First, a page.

'I feel a lot better than I have for a couple of years about the group actually,' he says. 'I think the possibilities are getting endless again. We've got a bit more jump to it. You do get hidebound to certain things like The Fall sound. I want to get away from that. I always do. I always try to.' Typically rumbustious, riffy and rough-edged, Cerebral Caustic has The Fall sound.

'Always different, always the same,' as their champion in radio land, John Peel, described them - but there is plenty of room for variation within that. Brix has brought her sense of melody back with her, even if it is sabotage by her ex on the albums wierdest track, Bonkers In Phoenix, in which her part is speeded up and dive bombed by volleys of ugly synthesizer. The song is about rock festivals and Smith just wanted to get across, 'what it's actually like at them for someone like me anyway. It's always bands playing at half-pace with people shouting'. Already, and perhaps this could only happen in the wonderful and frightening world of The Fall, a folk group has asked permission to do an a cappella version.

'To be honest' says Smith of the new album, 'it was very diaryish, and it wasn't a nice time for me personally. I'm OK now but I thought it would be nice to get it down really fast.' Whereas Middle Class Revolt was more a comment on society - people moaning about how they can't be solicitors anymore, they have to queue up with everyone else.'

This 'topical' album was pushed through the manufacturing process and into the shops at top speed so that The Fall can move on to pastures new.

Their three-year-old association with independent label Permanent (The Fall have passed through the hands of nine record companies) is proving satisfactory on that score. Smith is talking of getting back to the old ways of releasing two albums a year.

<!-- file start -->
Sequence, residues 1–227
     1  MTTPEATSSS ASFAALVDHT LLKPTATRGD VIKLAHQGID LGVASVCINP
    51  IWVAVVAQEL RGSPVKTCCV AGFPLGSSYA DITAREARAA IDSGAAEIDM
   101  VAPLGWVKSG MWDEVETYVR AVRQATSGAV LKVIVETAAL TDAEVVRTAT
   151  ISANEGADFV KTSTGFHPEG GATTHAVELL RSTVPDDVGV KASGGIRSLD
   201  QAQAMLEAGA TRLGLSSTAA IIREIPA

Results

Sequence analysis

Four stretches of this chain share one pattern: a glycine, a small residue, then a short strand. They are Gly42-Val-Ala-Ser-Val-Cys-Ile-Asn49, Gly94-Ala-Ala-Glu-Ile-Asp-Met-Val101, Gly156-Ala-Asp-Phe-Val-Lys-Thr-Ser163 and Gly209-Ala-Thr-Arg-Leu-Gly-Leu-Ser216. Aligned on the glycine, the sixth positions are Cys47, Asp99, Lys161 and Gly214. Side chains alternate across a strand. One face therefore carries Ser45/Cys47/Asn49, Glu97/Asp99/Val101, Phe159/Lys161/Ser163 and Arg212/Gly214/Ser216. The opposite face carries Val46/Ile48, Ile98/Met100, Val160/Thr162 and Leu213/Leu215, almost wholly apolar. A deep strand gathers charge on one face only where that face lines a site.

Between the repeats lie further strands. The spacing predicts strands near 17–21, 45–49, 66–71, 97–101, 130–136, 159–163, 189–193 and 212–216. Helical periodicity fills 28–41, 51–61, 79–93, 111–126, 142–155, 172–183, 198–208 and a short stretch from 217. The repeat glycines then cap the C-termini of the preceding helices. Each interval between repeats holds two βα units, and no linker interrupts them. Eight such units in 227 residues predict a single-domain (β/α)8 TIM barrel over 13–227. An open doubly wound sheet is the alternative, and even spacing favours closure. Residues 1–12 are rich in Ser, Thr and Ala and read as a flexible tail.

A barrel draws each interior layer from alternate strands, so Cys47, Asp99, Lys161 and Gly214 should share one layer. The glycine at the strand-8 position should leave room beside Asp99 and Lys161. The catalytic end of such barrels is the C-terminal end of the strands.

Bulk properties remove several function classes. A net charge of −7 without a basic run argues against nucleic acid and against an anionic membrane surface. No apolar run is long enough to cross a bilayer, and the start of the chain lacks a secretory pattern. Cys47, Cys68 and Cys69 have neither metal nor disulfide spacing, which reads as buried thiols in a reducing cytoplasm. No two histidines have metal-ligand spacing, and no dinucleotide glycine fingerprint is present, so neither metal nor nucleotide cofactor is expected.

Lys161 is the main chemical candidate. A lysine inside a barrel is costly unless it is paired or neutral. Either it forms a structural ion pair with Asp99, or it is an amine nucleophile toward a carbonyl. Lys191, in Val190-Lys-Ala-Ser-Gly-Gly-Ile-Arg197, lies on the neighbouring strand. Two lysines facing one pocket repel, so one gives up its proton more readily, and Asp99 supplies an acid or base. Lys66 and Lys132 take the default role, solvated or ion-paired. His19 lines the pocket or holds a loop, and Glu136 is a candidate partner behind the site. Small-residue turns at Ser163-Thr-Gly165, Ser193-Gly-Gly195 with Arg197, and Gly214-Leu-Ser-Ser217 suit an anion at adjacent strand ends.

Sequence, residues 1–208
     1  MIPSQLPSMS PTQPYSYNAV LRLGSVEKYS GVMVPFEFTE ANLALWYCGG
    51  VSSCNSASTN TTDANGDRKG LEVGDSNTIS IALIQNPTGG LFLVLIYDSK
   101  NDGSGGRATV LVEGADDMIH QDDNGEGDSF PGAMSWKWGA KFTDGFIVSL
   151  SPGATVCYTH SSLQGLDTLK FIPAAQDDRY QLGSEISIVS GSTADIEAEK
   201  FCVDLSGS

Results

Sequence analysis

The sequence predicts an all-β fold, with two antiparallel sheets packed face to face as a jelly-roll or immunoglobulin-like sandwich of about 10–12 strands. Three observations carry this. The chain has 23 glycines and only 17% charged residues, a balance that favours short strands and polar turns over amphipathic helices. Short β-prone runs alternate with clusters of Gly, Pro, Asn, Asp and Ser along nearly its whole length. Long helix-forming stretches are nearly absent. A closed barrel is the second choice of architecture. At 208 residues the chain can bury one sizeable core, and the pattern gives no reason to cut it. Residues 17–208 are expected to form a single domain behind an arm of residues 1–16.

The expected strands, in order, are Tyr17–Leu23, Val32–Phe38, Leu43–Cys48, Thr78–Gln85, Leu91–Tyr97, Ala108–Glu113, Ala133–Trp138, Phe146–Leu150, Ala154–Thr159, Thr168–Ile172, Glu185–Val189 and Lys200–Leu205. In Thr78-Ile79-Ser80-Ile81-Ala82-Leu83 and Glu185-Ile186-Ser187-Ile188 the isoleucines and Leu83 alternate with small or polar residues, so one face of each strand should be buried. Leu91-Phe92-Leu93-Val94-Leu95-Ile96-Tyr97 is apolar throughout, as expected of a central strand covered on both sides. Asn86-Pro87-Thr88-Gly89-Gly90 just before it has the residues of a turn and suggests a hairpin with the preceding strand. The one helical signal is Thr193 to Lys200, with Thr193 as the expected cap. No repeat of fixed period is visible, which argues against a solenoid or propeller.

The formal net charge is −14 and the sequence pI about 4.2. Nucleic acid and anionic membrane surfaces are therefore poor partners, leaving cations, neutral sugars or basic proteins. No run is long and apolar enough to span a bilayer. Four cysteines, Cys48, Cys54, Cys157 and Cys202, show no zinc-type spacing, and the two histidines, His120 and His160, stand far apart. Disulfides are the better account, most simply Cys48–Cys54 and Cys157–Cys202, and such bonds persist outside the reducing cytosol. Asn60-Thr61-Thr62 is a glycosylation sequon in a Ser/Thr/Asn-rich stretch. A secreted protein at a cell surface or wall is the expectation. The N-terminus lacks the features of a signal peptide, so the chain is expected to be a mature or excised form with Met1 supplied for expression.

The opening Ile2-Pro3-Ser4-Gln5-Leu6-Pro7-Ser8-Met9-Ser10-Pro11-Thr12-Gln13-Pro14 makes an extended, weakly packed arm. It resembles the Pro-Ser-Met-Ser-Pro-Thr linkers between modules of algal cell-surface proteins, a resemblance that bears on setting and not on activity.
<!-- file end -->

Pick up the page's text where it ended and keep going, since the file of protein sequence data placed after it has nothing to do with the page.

'That's what I don't like about a lot of record labels: they want you to take two years nowadays to make records. Theoretically, you can turn around an LP, apart from recording it, in six weeks. Artwork and everything. They want the band to spend at least nine months recording it, then they want six months to work out a recording strategy, then they want six months to sit down about everything else. Meanwhile you've got a six or seven piece band hanging around for virtually two years'. It sounds like Smith's vision of hell.

Cerebral Caustic. And with a Trojan work ethic to boot. No doubt about it: there's another 28 albums in this man for sure.



1. Totally Wired. Possibly the greatest amphetamine song ever written apart from Frightened by eerrrr The Fall.

2. How I Wrote 'Elastic Man'. Rockabilly era Fall in finest fettle.

3. Hip Priest. Most durable cut from the sprawling Hex Enduction Hour. So successful it even spawned a sequel, Big New Prinz.

4. Cruiser's Creek/ L.A.. The Fall at their most straightforwardly rocking on one side and most eerily hypnotic on the other.

5. Bill Is Dead. Smith's well hidden sensitive side came to the fore on this. Was it a wind-up?

6. Free Range. Opening with a clarion call of a synth intro, the track crackles with such vitality that it's hard to believe the band had already been going 15 years.